best king that ever there reigned, ini he revoked it at the time when he slew Floyon in battle, before the gates of Paris. And albeit because of the words which Perion swore upon his sword, she was without fault before God, yet was she not before the world, for they had been so secret. To let him know her condition, was what she could not think, for he was young and proud of heart, and took no delight elsewhere than where renown was to be gained, and so was for ever going an errant knight from one place to another. So she found no remedy for her life ; yet did not the loss · of life afflict her so much as that of her dear and be

loved lord. But God, by whose permission' all this had come to pass for his holy service, gave such discretion to Darioleta, that she remedied all.

In the palace of King Garinter there was an arched chamber separated from the rest, which overlooked the river; it had a little iron door through which the damsels sometime were wont to go out by the water side, but now none inhabited the apartment. This chamber, by Darioleta's advice, did Elisena request of her father, as suiting her disposition and solitary life, where she might perform her prayers undisturbed, with no companion but Darioleta, who had always served and accompanied her. This request she lightly obtained, and hereupon was the key of the iron door given to Darioleta, to open when it pleased the princess to recreate herself by the river. Here was Elisena de somewhat comforted, to find herself in a place so convenient for her purpose, and she required council of her damsel what should be done with the fruit that she travailed withal ? What? replied Darioleta, ir must suffer to save you. Holy Mary, then said Elisena shall I consent to destroy the child of him whom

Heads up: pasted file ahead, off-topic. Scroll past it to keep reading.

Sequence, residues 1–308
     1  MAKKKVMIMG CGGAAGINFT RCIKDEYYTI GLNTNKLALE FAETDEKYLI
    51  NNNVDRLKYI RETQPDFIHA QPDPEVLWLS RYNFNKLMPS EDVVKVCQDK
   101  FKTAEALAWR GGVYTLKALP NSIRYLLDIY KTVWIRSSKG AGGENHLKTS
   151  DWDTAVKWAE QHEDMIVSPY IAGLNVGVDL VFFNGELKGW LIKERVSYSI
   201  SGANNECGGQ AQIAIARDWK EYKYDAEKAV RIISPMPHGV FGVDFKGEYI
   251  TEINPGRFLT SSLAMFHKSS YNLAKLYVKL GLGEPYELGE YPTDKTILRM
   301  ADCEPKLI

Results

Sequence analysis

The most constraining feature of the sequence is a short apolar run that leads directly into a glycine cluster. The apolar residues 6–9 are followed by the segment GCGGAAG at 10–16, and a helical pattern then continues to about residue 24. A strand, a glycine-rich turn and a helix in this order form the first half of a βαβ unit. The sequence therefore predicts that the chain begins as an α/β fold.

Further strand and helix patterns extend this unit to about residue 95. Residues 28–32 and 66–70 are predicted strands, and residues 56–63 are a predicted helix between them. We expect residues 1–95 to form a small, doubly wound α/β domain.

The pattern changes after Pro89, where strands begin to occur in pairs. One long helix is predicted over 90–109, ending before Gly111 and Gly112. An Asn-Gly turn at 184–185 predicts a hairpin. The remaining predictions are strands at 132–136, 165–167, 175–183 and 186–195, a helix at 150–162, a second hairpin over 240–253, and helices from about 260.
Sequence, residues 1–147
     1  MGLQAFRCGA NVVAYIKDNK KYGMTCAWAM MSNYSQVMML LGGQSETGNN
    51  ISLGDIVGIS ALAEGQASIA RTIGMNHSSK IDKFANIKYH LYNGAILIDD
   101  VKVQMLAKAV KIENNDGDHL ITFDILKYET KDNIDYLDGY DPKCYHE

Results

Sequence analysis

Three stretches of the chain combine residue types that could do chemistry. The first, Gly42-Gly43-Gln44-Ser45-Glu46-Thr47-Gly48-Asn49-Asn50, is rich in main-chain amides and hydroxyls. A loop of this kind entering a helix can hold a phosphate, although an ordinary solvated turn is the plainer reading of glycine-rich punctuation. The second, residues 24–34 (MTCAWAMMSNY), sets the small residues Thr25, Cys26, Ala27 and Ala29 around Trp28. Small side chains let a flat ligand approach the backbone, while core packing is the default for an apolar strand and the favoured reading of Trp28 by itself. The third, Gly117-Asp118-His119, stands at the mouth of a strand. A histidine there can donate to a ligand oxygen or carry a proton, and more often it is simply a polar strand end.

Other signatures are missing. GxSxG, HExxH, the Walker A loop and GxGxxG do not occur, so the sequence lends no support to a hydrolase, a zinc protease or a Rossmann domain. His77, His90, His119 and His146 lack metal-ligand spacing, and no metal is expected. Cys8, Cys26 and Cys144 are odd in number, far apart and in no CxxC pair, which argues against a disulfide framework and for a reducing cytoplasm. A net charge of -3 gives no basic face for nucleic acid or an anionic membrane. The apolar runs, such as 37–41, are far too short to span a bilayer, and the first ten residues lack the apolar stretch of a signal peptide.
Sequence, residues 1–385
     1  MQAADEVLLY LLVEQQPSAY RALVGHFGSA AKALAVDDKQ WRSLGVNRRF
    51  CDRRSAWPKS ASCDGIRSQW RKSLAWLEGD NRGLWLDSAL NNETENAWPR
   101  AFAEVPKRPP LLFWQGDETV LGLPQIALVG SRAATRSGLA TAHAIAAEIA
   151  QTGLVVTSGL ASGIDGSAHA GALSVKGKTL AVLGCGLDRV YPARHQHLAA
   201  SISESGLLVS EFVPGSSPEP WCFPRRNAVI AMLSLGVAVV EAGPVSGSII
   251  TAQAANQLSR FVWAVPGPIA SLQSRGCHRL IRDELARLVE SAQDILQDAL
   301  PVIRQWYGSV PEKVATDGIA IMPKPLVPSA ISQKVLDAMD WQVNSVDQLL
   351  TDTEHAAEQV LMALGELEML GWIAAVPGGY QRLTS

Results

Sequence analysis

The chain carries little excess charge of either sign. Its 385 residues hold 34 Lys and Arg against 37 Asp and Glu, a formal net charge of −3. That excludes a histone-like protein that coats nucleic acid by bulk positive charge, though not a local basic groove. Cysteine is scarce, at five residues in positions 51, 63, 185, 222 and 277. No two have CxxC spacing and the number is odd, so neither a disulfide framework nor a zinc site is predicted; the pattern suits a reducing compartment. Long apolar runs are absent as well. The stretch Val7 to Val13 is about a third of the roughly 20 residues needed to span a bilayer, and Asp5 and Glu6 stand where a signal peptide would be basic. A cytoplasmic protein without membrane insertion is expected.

love best in time vorld ? Leave alone those thoughts, the damsel answered, if they kill you they will not spare the infant: it were great folly to destroy yourself and your lover, who could not live after you, for the sake of saving the child, who, if you die, must die also.

As this damsel was of quick mind herself, and now guided by the grace of God, she determined to have the remedy ready before the need ; and it was in this guise : she took four boards and with them made an ark large enough to contain a new born child and its garments, and long enough for the sword, she fastened . them together with bitumen, in such sort as the water should have no place to enter. She hid all this under her bed till she had compleated it; and it was even and close as if a master had made it. Then she showed it to Elisena and asked for what she thought it was designed ? She answered, I know not. You shall know, said the damsel, when need is. Elisena replied, but little do I care to know what is done or what is said, for I am near to lose all my joy and comfort. Then had Darioleta great grief, and she went apart, not bearing to see her mistress weep.

It was not long before her travail came, and in those new and strange pains, in bitterness of heart, and not daring to cry out or groan, it pleased the Lord that she was safely delivered of a son. The damsel took him in her arms, and saw that the boy was a fair boy had he not been borne to hard fortune, but she delayed not to execute what of necessity had been resolved. She wrapt him in rich garments, and laying him by his mother, brought the ark. Elisena cried, what will you do? Place him here, she answered, and launch him down the stream, and belike he may